December 01, 2007

"Chief" defended phony "chiefing"

Chief Henry was face of tribal tourismIt was a few years ago, when the U.S. Commission on Civil Rights issued its condemnation of Native American-themed sports mascots. I was working at the Cherokee One Feather and just happened to have CNN on when the late Vernon Bellecourt, American Indian Movement activist and vocal Native-themed mascot opponent, appeared to discuss the condemnation. What caught my ear was his mention of my tribe as a supporter of the practice of objectifying Native-American culture.

Wanting some clarification, I called Bellecourt. He referred specifically to the practice of “chiefing” where tribal members dress in Hollywood-inspired regalia to pose for photos with tourists.

Bellecourt gave his side of this issue, but I needed an opposing viewpoint. Who better than the man who had attained the most fame in this practice, Henry Lambert, otherwise known as “Chief Henry”?

The practice of chiefing is controversial even in a community known for tolerance of native stereotypes, and Chief Henry was often a target of criticism. Through my interview, I found him to be a genuinely kind and gracious person.

After a straight-shooting defense of his profession, which allowed him to make a living, support his family and put five of his six children through college, he gave me a tour of his home, which was adorned with pictures of his family.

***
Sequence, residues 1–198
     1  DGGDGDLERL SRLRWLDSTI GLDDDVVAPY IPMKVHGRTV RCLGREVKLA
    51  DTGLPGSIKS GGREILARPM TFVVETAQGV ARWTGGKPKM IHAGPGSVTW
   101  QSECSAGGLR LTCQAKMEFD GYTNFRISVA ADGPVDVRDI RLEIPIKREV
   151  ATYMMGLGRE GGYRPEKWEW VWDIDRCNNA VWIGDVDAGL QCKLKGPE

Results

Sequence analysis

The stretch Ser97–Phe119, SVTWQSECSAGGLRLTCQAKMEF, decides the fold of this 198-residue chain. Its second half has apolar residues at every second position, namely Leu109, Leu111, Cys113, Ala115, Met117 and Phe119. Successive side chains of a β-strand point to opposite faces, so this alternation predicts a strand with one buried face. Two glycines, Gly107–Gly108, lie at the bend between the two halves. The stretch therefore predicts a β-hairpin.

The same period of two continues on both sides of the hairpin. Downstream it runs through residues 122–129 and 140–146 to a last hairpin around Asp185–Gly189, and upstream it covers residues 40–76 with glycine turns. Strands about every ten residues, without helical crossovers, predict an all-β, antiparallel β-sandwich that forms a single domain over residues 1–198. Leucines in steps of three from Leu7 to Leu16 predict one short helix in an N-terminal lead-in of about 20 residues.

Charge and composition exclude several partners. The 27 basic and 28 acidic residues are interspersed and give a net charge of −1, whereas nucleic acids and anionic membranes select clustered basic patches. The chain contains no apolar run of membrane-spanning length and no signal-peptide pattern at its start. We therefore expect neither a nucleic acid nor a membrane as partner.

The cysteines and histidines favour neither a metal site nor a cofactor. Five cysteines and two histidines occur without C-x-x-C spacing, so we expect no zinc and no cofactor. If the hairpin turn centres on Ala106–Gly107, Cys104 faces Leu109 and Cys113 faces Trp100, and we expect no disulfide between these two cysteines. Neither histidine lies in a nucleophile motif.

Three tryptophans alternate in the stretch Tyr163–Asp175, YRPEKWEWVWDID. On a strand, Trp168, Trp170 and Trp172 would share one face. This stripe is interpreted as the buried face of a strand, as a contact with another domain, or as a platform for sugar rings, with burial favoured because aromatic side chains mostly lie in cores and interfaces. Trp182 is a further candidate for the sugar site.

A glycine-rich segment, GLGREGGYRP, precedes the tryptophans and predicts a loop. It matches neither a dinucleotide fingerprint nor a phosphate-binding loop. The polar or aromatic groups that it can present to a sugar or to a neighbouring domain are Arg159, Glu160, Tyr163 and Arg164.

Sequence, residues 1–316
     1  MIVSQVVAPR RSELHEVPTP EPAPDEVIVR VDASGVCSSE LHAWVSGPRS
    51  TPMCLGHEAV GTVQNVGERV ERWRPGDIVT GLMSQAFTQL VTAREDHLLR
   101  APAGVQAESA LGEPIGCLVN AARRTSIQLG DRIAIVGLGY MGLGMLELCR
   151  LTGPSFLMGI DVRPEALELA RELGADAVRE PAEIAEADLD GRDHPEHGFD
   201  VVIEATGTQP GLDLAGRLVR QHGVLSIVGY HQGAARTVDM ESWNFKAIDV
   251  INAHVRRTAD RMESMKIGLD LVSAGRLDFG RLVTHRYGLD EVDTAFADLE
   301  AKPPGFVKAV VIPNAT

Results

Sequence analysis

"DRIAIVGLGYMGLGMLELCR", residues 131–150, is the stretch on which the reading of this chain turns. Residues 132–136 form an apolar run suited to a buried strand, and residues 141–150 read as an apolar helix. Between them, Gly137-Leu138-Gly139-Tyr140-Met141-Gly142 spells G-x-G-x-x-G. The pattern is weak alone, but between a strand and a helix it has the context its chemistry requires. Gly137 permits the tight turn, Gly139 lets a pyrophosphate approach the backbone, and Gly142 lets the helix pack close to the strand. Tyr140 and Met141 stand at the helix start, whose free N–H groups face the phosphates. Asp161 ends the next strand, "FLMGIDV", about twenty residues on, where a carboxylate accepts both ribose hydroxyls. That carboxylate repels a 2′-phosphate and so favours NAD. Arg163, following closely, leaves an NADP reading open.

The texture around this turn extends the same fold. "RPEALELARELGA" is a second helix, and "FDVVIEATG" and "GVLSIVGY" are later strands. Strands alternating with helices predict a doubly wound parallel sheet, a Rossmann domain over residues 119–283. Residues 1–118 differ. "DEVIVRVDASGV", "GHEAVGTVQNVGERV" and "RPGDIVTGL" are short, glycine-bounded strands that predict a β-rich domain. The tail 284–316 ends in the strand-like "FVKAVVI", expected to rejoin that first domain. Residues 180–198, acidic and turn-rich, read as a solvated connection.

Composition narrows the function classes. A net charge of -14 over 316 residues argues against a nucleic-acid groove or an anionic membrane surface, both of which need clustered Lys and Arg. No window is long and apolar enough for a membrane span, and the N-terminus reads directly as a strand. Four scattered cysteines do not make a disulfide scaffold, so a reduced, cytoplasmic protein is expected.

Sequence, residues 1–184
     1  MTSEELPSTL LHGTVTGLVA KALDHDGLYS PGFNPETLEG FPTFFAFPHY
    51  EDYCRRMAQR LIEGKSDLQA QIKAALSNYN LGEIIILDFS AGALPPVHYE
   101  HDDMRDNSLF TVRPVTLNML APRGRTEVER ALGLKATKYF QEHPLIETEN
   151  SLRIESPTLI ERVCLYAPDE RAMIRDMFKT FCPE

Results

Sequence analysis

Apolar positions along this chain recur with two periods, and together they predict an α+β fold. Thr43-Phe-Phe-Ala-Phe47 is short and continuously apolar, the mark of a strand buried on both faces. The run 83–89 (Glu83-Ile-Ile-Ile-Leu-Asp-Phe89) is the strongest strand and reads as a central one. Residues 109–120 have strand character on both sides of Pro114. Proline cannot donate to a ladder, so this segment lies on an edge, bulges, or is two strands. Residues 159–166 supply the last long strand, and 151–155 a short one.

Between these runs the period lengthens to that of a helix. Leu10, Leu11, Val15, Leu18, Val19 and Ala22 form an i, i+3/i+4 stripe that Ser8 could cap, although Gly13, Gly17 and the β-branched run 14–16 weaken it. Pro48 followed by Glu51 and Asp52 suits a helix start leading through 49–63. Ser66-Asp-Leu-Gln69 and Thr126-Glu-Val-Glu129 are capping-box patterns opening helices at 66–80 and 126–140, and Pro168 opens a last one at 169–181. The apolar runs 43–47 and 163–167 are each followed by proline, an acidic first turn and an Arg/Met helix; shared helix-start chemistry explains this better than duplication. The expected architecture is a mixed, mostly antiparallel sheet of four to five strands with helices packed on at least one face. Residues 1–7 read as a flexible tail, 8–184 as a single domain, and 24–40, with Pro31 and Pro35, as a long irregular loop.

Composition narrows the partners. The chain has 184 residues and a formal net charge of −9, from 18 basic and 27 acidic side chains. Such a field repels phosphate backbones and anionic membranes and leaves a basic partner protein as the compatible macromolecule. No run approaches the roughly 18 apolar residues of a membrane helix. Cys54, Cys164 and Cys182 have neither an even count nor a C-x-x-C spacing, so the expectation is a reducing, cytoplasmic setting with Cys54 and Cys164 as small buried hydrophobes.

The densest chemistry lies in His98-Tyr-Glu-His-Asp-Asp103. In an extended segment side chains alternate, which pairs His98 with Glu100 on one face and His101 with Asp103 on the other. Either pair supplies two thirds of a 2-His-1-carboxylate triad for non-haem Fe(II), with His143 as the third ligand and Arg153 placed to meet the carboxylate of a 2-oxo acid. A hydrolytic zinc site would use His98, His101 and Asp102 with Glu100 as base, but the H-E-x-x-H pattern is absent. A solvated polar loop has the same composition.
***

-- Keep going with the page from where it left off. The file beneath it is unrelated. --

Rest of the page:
Comment:  The article doesn't say what "Chief Henry's" defense was, but it implies it. "I'm just a working stiff putting my kids through college, so who cares if I stereotype millions of my fellow Indians?" In other words, "I'm doing what's best for me, so who cares how it affects anyone else?"

Perhaps this explains why Henry was a phony chief and not a real chief. Somehow I don't see Tecumseh or Geronimo having this attitude. Not when it mattered, anyway. (Sitting Bull arguably did something similar when he performed in Buffalo Bill's Wild West Show, but by then his authority had dwindled.)

Perhaps we could call this the hang-around-the-fort defense. There have always been Indians who sold out for a little money or status. Of course, they undoubtedly had to make a living and put their kids through college, just like Lambert.

See The Big Chief for lots of examples of the "chief" stereotype.

No comments: